On a side note, this is the guy who put a big wooden trunk outside with ‘free to a good home’ on it once. I carried it a little way home and then two kind gentlemen took it for me, which was jolly splendid of them. It became the box for McMini’s lego. Turns out this fellow’s father was a seaman and that the box was the trunk in which he kept all his possessions. It has travelled all over the world.

Back to the plant. What does it look like? Well … imagine a Christmas Cactus on steroids. It’s getting a bit big. The two segmented um … bits … in a pot have become a large … thing. Every now and again it sends out an enormous long shoot which turns in to a long spindly branch. It has little hairy bits that grow out of it occasionally, leading me to suspect that normally it would climb things. This one doesn’t. It sits in our conservatory. A couple of times in the last four years, it has produced a flower bud. My life being what it is, we are usually away when this bud opens up so I have never seen a flower until now.

Note my hand in the left bottom corner for size reference.

This year it’s gone a bit mad. It started off with sixteen buds but a few died off and we were left with nine. One day this week, as we were eating supper, I noticed the first flower was opening. It opened so fast it was almost possible to detect the movement with the naked eye.

Each day this week it has treated us to a nightly display of gargantuan triffid like flowers which are really rather splendid. Weirdly, they don’t smell of much close up but the part of the house in which they are situated ends up smelling strongly of vanilla. Which is lovely. They last the night and are wilted by morning.

Naturally, in a spirit of scientific enquiry, I have set about them with a paint brush to see if I can pollinate them and make seeds. Why I do not know. I mean, if I want to grow more of these all I have to do is pick a leaf and plant it in some compost and it will grow. But I want to see the weird triffid fruit I guess.

Yeh. Okaaaaay.

I wonder what these things are pollinated by in the wild. I’m not sure but I’d guess it is something like an actual bird, a humming bird? Either that or the biggest fuck off moth imaginable. Hang on … OK I’ve just had a quick google and it is, indeed, a big fuck off moth. A sphinx moth – which, as far as I can make out, is a variant, or possibly another name for, the humming bird hawk moth or the like – and Bats. Yes actual bats. Fuck me.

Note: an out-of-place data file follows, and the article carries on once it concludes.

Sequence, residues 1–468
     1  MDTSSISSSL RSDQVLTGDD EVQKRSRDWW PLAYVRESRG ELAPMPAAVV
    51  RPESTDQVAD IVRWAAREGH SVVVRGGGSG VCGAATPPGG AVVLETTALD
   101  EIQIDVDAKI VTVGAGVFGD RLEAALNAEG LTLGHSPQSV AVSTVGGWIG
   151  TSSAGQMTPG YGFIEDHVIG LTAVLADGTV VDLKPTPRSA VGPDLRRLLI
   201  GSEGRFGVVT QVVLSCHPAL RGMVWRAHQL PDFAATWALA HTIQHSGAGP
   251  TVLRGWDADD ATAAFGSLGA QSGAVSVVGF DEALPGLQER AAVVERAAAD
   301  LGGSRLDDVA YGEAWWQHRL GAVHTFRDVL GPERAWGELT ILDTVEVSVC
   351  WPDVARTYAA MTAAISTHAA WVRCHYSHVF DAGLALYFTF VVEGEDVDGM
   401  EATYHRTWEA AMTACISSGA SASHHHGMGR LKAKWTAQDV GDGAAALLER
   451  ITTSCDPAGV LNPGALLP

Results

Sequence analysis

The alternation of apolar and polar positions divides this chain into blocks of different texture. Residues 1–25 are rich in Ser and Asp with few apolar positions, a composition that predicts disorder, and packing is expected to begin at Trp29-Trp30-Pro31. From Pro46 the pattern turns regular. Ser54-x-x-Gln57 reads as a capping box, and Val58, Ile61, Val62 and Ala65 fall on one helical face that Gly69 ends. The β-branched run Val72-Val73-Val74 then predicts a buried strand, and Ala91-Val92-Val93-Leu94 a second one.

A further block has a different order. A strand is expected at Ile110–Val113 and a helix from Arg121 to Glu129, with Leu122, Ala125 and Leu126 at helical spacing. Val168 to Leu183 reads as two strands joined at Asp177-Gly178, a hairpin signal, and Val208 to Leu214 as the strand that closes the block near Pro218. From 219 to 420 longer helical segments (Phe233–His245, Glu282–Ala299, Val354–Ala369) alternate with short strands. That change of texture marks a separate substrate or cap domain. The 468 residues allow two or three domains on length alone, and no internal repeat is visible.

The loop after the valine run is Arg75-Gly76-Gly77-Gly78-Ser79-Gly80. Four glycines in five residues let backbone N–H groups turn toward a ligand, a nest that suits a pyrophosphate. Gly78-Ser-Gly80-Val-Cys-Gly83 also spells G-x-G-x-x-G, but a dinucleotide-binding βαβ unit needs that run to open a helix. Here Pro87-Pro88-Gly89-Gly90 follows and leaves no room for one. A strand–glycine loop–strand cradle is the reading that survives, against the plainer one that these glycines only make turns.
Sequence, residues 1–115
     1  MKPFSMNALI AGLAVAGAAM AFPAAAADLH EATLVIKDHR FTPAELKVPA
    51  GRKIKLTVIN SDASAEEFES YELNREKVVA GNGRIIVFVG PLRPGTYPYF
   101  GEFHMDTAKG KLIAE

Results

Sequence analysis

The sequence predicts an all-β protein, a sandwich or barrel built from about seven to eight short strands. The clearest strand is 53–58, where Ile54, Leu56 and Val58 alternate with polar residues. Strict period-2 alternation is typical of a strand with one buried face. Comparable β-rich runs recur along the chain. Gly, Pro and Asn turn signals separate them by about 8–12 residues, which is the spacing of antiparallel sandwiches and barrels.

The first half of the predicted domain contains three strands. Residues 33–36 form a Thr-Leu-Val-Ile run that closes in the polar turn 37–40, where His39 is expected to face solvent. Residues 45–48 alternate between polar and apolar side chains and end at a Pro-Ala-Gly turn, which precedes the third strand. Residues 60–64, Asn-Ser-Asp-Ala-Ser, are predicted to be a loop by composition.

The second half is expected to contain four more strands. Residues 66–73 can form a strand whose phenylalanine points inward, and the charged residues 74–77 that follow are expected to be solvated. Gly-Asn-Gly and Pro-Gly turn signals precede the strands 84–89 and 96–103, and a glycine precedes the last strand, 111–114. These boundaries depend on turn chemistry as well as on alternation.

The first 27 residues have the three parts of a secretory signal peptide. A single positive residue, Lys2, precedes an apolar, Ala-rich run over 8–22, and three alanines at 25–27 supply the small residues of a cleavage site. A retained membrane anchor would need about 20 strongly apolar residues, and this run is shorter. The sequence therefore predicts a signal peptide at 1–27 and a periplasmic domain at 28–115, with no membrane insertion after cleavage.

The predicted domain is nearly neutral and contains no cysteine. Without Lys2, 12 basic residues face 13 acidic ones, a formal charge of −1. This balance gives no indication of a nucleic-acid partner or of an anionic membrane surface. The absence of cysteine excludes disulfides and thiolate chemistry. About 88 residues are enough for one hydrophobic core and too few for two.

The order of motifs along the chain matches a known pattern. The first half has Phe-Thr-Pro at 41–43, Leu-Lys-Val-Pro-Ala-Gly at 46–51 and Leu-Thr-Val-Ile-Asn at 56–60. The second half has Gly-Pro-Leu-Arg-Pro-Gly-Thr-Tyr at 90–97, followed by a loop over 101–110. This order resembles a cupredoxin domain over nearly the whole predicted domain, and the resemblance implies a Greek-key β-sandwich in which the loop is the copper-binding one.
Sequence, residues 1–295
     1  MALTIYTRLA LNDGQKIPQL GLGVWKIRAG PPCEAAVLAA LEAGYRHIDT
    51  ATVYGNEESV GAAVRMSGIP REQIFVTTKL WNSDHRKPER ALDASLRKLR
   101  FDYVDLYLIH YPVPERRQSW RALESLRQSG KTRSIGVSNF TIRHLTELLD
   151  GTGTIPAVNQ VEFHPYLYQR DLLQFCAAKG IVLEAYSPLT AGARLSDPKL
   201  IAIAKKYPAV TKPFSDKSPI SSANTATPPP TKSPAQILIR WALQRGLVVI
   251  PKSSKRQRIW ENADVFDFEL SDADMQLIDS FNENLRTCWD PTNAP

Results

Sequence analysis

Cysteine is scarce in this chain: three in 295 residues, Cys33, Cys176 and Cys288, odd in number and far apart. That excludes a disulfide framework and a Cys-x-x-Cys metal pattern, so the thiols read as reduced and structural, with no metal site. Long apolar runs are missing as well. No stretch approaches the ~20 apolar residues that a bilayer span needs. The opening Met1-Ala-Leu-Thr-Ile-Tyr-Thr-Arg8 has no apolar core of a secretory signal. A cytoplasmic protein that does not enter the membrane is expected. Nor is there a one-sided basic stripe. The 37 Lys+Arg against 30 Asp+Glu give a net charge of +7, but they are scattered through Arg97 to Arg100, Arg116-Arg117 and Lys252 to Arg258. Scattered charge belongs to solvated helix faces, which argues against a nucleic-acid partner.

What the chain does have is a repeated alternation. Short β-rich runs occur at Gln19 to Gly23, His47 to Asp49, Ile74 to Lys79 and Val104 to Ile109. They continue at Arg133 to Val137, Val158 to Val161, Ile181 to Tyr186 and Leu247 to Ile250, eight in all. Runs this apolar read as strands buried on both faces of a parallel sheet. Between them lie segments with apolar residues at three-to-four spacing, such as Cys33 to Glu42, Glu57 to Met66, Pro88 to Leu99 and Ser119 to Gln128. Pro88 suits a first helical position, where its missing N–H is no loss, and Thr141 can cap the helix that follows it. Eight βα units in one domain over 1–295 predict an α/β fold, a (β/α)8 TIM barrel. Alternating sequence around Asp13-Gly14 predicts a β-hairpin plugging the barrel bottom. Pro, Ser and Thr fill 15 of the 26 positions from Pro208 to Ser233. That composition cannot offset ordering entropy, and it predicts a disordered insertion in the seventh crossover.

Hmm … Well … these flowers are enormous. Clearly despite being an old bat I am not a bat – or a moth – and my pollination efforts may not work. Also what with it being flowers on the same plant it may not work for reasons of floral incest but then again … they might.

Before and after, spiffy new case for my kindle although it hurts my eyes in the morning.

Other news, my kindle broke a couple of weeks ago. There was a crack in the screen, NB do not let fat cat walk across screen of kindle while it is left in dodgy old case on bed. Yes that is how it cracked. Not the front but behind it. Head Desk. After looking at the price of a new kindle I wondered about buying a KoboGlo. But I wasn’t sure how much of a ball ache getting amazon books onto Kobo hardware would be. I reckoned impulse buys on holiday would be right out as I tend to leave the lap top at home. There’s the remarkable, that does ebooks but not very well to be honest. I use both for editing, making notes with the keyboard on the kindle and scribbling all over it on the remarkable but the remarkable displays it in a very strange way so I prefer the kindle.

After a bit of thought, I decided I’d see if I could get a new screen. God bless the internet for making these sorts of endeavours possible. So I sent off for a new screen from China which was, apparently delivered yesterday. But not here ‘to PO Box’. Hopefully that means it’ll be actually delivered on Monday.

Luckily having mentioned it in passing, a dear lady on one of the Goodreads groups I visit mentioned she had the same model as mine but doesn’t use it any more. She warned me that the battery no longer works and the on off switch is a bit shonky so she’s bought herself a new one. She asked if I’d like her to send it to me. I said that yes, I would and bless her, it arrived way before the official new one I’m expecting. A couple of weeks ago, on Monday, I sat down and took both kindles to bits, swapped the screen from hers into mine and … wahooo … it works again. I was so excited by this development that I treated myself to a spiffy new case from Caseable – the state of my old one was part of the problem, the elastic had gone soggy and it was knackered. Now that the print version of Close Enough has arrived I can send the lovely lady who helped me out the first three Hamgeean Misfit books to compensate.